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Council President Paul Hopkins with former City Clerk Deborah Pedercini after being sworn in in 2020. Within months, the council would switch to virtual meetings because of the pandemic.

North Adams Council President Hopkins Tenders Resignation

By Tammy DanielsiBerkshires Staff
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NORTH ADAMS, Mass. — The president of the City Council has submitted his resignation effective Friday.
 
Paul Hopkins, in is second term, said he is leaving the council for personal and professional reasons. Hopkins has had his home for sale for some months and had not intended to run for re-election this year.
 
"Things came together faster than I sort of had in my head," he said on Tuesday. "The time is now and I'm excited about a new direction."
 
Hopkins said he had informed Mayor Thomas Bernard and copied his council colleagues on his brief letter of resignation to the city clerk. It would be up to the council to determine whether to fill his seat or wait for the new government next January, he said.
 
"I thought about this quite a lot whether I should stay on the council until I had moved out of town," he said. "But I'm setting up a household in a different place and need to find a new career ... I would not be able to devote the mental energy to being a city councilor and that is not the right thing to do."
 
The former radio announcer has been a well-known figure in the community for more than 40 years and has served on a number of civic and community boards, including as vice chair of the Planning Board and chairman of the Redevelopment Authority. He's also served on the boards of the Louison House and Northern Berkshire Community Coalition.
 
Born in Wisconsin, the family followed his father to Belgrade, in what was then Yugoslavia, where he worked for the Voice of America and Hopkins attended the International School and American High School. He earned his degree at Middlebury College in Vermont, where, he said, "I decided that I was actually a New Englander." Fate brought him to WNAW Radio (formerly WMNB), and, he's said, he fell in love with the area and raised his four children here.
 
He also was director of community relations at the former Northern Berkshire Healthcare — calling it one of the best jobs he ever had — and later communications coordinator at Berkshire Health System's nursing home division.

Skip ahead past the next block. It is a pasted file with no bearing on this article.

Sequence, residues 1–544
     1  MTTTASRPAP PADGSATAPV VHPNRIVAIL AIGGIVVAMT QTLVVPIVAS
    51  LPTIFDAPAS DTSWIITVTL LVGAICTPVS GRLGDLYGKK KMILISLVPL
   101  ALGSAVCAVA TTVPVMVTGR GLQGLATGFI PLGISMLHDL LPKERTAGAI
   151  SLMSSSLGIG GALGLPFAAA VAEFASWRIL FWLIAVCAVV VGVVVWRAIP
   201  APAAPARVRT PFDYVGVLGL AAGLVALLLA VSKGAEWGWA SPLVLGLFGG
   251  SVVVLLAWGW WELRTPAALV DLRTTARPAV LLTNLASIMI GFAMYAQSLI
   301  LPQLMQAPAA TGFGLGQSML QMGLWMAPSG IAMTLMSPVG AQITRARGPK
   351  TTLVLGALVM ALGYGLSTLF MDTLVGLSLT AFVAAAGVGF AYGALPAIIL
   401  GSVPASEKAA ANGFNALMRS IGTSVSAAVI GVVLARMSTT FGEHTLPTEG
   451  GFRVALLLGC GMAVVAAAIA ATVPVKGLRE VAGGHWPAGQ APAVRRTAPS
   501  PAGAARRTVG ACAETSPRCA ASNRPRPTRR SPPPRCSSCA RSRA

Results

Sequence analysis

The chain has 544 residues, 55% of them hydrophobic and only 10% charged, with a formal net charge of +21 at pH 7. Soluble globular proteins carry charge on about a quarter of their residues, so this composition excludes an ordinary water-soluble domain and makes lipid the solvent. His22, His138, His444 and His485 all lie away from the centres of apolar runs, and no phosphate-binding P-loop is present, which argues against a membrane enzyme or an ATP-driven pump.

Reflecting on his two terms on the council, including the last term as president, Hopkins said elected service is very different from being appointed or serving on organizational boards. 
 
"I think you walk into an election asking people to vote for you because you thought you had the answers," he said. "You find out very quickly you don't have the answers."
 
Hopkins had initially considered not running in 2019 and, on Tuesday, said he felt it was time to step aside anyway for others to run, joking he was looking like so many of the portraits of past councils — older, white and male.
 
"I'm encouraged by some of the people I see running for office now and I'm sure there will be more," he said. "There is a very diverse group of people who look like they want to serve."
 
Though he has no immediate family in the area, one of his children is considering moving back so Hopkins said he may be returning more often to see his many good friends. 
 
As of last week, 10 people have taken out nomination papers for City Council: Emily Daunis, Roger Eurbin, Raymond Moore, Barbara Murray, Heidi Shartrand-Newell, Michael Obasohan, Jesse Lee Egan Poirier, Bryan Sapienza, Ashley Shade and incumbent Jessica Sweeney.
 
Three have taken out papers for mayor: Aprilyn Carsno, Rachel Branch and Joshua Vallieres. Carsno and Vallieres have both returned papers.
 
David Sookey and incumbent Heather Boulger have taken out papers for School Committee and incumbent Gary Rivers has taken out papers for representative to the Northern Berkshire Vocational Regional School Committee.

Tags: election 2021,   municipal election,   


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Juneteenth Celebrated as State, National Holiday

NORTH ADAMS, Mass. — Saturday is the first time that Juneteenth will be celebrated as state holiday but also as a national holiday. 
 
The date has long been celebrated in parts of the country, sometimes as Emancipation Day, the day in 1865 when Union Army Gen. Gordan Granger proclaimed freedom for enslaved people in Texas, completing the end of slavery in the areas of the United States after more than 300 years. Juneteenth has been a state holiday in Texas for nearly 40 years.
 
President Lincoln had signed the Emancipation Proclamation nearly three years earlier but it would take the advance of the Union Army into the Confederacy to make freedom a reality. 
 
Former Gov. Deval Patrick had first signed a proclamation recognizing Juneteenth in 2007 and, last July, Gov. Charlie Baker signed a bill making Juneteenth a state holiday.
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